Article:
Saturday, May 12, 2007

No Gods of my Understanding

I sat surly and attention deficit in AA last night. I wanted to be anywhere but there and kept looking at my watch. That hour passed by excruciatingly slow. One elderly lady talked for twenty minutes about her pets and the hell they have been giving her lately. Yawn.

"This is when you need a meeting the most," I thought as I sat there drinking really bad coffee as I fiddled with the dollar bill I would later place in the donation basket.

The meeting ended with the entire group standing around in a circle reciting the Lord's Prayer. I couldn't wait to bolt out the door and light up a cigarette. My good friend Wanda was sitting next to the door of the porch puffing on a cigarette as well.

"You never share in these meetings anymore," she told me. "I haven't heard you share in weeks."

"I just haven't had much to say," I replied, apologetically.

"Well, when you share it really helps others."

I don't need this shit.

"I'll try to share tomorrow night," I replied.

There really aren't too many bad things going on in my life at the moment to bitch about. I have those minor quibbles with my father and his role as the family fixer, but other than that things have been good. I shudder to think if this is the calm before the storm as it often is. My natural tendency for self destruction often occurs when the pasture is greenest so to speak.

"Have you been working the steps?" Wanda then asked of those fabled twelve steps.

"I stopped at step two," I replied. "I just can't believe some mythical power higher than me is going to take away the urge to drink."

"It's a God of your understanding," Wanda said, correcting me and growing frustrated with my lack of belief.

"I just can't understand any gods," I replied.

I could see from the look on Wanda's face that she was growing exasperated. She had that "this guy is going to drink any day now" look I see often in AA. The people in AA think their way is the only way, but if you look at the statistics, the numbers that get sober with AA are abysmally small. I would love to see the results of a double blind research study with sugar water as the magical elixir placebo as it compares to going to these meetings.

"Who do you consider your higher power?" I ask Wanda.

I already knew the answer.

"My lord and God, Jesus," she replied.

I sighed as I put out my cigarette in the ashtray and bid Wanda goodnight. I walked home thinking about the steps and they just seemed so daunting to me. It reminded me of the trouble I had with college and those rigidly set paths to certain goals.

Step One: We admitted we were powerless over alcohol—that our lives had become unmanageable.

I took comfort in that I could at least get one step right: step one. I doubt I will ever get beyond step two. There is just something terribly distasteful about not taking responsibility for my past addictions and throwing it into the hands of some grand mythical pooh bah in the sky. I will take my chances with reality. I've had enough delusion in my life due to schizophrenia to last a lifetime. I don't want anymore.


greglo said...

Hi Andrew,
Couldn't agree more with you even though I would tend to be on the spiritual myself. But I think believing in something doesn"t deprive us from our right and duty to do our best, take responsibility for our actions, etc. This is part of what we are as human beings. Then, when we tried our best, something else might happen. I think you guys have a saying in english : "Man's extremity is God's oppportunity", isn't it? Then let's do our best, if you don't believe in any superior power, I guess the great guy up in the skies won't mind, and he/she/it/whatever/ will no matter what love you.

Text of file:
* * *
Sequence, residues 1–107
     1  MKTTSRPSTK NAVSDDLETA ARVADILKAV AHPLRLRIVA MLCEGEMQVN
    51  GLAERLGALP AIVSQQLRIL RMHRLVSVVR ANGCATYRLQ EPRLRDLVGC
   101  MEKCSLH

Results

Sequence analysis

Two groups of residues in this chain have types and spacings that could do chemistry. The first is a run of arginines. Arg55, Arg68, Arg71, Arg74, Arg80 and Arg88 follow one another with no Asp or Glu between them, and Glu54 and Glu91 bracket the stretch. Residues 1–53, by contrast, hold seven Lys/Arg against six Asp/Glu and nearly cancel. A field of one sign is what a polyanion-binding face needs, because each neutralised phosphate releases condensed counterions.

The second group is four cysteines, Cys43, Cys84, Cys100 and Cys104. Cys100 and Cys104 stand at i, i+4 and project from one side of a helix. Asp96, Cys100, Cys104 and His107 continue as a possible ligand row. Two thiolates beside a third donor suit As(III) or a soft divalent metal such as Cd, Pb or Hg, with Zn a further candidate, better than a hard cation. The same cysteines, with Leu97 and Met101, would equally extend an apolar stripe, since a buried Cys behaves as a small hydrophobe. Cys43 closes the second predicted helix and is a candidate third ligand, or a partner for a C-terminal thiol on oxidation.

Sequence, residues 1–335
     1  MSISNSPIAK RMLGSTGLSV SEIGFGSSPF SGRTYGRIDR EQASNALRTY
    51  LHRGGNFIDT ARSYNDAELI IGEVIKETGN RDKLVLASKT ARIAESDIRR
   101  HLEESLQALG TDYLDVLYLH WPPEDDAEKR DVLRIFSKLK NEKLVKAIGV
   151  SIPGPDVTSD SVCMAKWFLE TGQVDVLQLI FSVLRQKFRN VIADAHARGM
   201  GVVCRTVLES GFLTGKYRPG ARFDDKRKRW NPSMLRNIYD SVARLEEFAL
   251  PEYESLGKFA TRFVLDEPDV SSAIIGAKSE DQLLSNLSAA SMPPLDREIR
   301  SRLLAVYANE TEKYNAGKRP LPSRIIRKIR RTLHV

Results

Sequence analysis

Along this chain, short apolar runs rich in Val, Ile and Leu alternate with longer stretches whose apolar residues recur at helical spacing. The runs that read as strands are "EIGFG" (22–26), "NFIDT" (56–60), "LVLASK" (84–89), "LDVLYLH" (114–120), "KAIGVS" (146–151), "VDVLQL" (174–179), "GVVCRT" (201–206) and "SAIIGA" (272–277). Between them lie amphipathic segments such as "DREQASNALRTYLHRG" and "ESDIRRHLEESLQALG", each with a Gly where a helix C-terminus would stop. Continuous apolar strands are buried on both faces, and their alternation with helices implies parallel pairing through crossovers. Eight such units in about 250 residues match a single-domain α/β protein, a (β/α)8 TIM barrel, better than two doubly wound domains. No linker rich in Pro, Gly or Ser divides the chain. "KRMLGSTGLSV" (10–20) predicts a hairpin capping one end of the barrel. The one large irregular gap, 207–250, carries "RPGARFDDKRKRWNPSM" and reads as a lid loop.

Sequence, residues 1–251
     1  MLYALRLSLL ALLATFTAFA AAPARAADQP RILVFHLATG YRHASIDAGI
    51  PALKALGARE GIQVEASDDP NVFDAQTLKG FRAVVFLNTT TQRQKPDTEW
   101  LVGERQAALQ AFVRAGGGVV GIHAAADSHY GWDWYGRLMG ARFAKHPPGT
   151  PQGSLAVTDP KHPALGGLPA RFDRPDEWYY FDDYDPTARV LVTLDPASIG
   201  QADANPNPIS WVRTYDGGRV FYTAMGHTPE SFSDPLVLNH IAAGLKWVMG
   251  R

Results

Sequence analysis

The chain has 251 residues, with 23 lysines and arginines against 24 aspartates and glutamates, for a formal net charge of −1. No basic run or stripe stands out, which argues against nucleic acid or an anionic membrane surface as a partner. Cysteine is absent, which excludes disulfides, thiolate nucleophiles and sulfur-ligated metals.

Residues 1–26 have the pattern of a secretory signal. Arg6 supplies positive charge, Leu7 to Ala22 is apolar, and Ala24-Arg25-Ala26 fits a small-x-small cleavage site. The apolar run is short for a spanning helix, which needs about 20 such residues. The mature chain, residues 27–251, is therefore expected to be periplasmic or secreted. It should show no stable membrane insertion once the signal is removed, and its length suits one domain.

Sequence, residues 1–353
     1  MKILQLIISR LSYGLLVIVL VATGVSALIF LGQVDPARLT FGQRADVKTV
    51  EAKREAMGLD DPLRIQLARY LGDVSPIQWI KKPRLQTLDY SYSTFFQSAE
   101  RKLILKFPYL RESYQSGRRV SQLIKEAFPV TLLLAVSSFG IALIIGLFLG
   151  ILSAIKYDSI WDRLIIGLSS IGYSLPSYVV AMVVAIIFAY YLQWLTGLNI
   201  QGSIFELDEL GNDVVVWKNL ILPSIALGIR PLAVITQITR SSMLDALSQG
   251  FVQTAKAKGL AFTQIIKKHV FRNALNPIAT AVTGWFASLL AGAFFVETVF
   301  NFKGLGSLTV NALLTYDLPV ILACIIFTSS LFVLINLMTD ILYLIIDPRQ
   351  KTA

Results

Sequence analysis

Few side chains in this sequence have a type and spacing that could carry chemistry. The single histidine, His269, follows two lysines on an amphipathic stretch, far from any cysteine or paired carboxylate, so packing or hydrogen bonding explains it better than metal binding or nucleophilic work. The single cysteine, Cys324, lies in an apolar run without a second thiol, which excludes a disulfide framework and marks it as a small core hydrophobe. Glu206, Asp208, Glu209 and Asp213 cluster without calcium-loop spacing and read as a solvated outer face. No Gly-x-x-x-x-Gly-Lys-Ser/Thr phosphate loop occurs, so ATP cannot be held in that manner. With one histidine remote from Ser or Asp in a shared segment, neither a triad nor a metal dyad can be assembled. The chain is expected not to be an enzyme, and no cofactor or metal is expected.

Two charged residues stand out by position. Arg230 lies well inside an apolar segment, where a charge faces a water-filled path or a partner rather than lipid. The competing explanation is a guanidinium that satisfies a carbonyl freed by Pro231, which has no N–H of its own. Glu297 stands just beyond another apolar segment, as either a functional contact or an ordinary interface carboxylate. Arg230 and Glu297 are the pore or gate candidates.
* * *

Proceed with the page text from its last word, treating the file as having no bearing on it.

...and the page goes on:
... but in the end... I don' t know.
Anyway I loved this post of yours!
Have a great day.

PipeTobacco said...


If you so desire, I think you could construe the "higher power" in #2 to be your "sober philosophy on life". The philosophy itself could be your higher power. You would then only be committing to adhering to your own philosophy.

That would allow you to complete #2 and move on to other numbers in the walk of 12 steps.


Chertiozhnik said...

I first went into AA sixteen years ago, and thought, okay, it's stopped me drinking, job done. The steps are for the cranks and suchlike.

Sixteen not-always-sober years later I'm back again. I may have been mostly dry but I didn't grow or change in any way, and as soon as I got the chance to really hit the sauce, I did.

So this time I am starting the steps. No idea what a Higher Power might be, but I'll just go along with it and see what happens.

Good luck, anyway...

Katie W said...

I completely agre with you Andrew. You are responsible for your own actions. Yes you have an illness, but at the end of the day only you can say yes I will drink today, or no I won't. I think as long as you understand that choice, and don't try to aporttion blame elsewhere you have a better chance of staying sober than many.

Blue Gardenia said...

AA was invented is a time when all of the current mindset was that alcoholism was a degenerative disease from which there is no cure and no hope. Someone went to Switzerland to see the famous Carl Jung. They asked him if there was any hope. Carl sat and mused awhile and said that people from Shamanistic cultures cured themselves from supposedly incurable diseases by total self-surrender. They would surrender to whatever Deity they worshipped in their culture and allow their prolonged suffering and abstinence to be handled by this mythical higher power. Meanwhile, back in the states, they came up with a plan and used the Christian mythology to juxtapose what Jung said into a doable plan. It worked for many thousands of people. If Christianity is not your bag, invent your own God and surrender to that. Andrew's higher self can cure Alcoholism. Nowadays the current mindset says that Schizophrenia is a degenerative disease that is incurable and hopeless. An old-fashioned notion. Andrew's higher Self can also assuage the symptoms of Sz. Believe me Andrew, the game is worth the candle!!!